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Continuous Antegrade Infusion Of Adriamycin As Adjuvant Therapy For Upper Tract Urothelial Malignancies.
Published 2000 · Medicine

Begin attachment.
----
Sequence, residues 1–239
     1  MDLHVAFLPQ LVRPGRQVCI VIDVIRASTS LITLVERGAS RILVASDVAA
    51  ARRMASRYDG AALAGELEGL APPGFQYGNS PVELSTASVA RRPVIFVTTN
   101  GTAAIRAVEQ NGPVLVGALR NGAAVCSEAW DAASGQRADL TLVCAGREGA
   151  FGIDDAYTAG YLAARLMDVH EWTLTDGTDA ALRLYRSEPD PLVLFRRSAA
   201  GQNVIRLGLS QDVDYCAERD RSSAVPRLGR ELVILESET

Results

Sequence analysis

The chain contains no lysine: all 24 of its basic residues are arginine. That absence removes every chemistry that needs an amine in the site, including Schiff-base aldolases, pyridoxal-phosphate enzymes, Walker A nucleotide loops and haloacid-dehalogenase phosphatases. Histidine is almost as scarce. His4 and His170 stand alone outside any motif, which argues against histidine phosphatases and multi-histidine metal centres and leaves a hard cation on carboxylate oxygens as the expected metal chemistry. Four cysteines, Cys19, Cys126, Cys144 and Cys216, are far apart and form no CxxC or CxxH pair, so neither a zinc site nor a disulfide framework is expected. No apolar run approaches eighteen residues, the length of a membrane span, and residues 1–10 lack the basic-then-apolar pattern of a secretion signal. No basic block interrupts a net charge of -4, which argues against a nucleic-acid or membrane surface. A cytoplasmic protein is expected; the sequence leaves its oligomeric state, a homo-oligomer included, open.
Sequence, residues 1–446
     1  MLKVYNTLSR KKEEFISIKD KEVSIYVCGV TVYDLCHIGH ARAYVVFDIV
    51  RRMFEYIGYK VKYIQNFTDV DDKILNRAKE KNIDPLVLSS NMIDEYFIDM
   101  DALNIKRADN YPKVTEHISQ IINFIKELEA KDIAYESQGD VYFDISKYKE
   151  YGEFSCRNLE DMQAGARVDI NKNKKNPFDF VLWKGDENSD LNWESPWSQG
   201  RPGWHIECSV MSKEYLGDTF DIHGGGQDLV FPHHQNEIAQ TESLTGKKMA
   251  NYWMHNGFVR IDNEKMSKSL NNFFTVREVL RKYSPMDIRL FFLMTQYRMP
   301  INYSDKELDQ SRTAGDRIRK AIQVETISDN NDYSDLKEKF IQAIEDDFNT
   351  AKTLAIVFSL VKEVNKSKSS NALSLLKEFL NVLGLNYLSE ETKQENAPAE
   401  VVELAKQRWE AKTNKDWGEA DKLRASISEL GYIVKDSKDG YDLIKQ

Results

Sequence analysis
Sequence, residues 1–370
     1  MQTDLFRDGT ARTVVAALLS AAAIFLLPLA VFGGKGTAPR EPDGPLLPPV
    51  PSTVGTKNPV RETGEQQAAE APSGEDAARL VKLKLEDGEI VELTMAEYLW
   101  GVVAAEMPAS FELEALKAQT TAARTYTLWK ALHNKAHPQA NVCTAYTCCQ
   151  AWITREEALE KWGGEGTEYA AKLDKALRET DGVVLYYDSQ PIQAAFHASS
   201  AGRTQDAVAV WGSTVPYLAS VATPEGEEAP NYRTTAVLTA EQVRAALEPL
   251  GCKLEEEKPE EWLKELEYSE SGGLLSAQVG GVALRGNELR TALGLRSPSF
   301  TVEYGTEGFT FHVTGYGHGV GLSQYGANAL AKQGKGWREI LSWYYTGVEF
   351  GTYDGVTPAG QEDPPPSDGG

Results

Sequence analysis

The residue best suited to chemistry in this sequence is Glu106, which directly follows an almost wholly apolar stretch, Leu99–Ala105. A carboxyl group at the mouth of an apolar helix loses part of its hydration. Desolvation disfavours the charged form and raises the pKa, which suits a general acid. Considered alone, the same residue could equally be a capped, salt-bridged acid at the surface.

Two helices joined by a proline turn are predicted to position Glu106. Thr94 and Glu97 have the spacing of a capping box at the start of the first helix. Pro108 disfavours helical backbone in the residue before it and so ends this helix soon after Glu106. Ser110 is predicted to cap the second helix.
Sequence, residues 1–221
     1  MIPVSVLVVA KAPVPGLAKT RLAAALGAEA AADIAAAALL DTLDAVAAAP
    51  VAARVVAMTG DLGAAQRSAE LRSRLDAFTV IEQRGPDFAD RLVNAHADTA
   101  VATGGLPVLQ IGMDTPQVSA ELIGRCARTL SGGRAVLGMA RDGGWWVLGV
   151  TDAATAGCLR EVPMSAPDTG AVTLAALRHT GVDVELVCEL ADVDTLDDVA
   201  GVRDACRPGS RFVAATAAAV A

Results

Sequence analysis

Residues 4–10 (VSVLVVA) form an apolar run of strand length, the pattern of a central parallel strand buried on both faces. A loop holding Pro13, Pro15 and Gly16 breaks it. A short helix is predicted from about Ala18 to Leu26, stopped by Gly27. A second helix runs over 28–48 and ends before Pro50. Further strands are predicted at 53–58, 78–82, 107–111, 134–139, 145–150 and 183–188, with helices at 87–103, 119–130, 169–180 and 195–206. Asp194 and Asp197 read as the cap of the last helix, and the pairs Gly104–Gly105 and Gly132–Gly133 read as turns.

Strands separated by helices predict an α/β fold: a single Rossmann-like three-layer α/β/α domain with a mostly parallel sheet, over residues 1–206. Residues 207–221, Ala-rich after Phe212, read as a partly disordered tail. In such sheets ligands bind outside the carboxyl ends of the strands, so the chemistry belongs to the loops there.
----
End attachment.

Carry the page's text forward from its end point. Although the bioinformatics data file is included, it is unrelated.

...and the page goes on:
OBJECTIVES To evaluate the feasibility, efficacy, and toxicity of antegrade chemotherapy delivered continuously as adjuvant treatment for patients with upper tract transitional cell carcinoma. METHODS During a 6-year interval, 12 patients with upper tract transitional cell malignancies underwent continuous antegrade intraluminal infusion chemotherapy (CAIIC) with adriamycin. After placement of percutaneous access and surgical treatment of the primary lesion, patients received 5-day cycles of CAIIC. Patients received between two and four treatment cycles at 2-week intervals. After therapy, patients with no evidence of residual disease were then monitored long-term with retrograde pyelography and upper tract cytology. RESULTS Twelve patients underwent a total of 35 5-day cycles of CAIIC. No patient experienced hematologic and/or local/regional toxicity during or after drug infusion. Three patients were treated for upper tract carcinoma in situ, and 9 patients had discrete exophytic tumors. Two patients died (treatment unrelated) before a final assessment of therapeutic outcome, leaving 10 patients available for evaluation of the therapeutic response. One patient with carcinoma in situ and 5 of 7 patients with discrete upper tract tumors remained disease free after surgery and adjuvant therapy. Both patients with discrete tumors in whom therapy failed had residual gross disease after primary surgical treatment. CONCLUSIONS CAIIC using adriamycin was well tolerated for periods of up to 5 days over multiple cycles. Early data suggest a limited efficacy in treating patients with gross residual disease. The efficacy of this approach in preventing the recurrence of upper tract disease after surgical ablation awaits further assessment.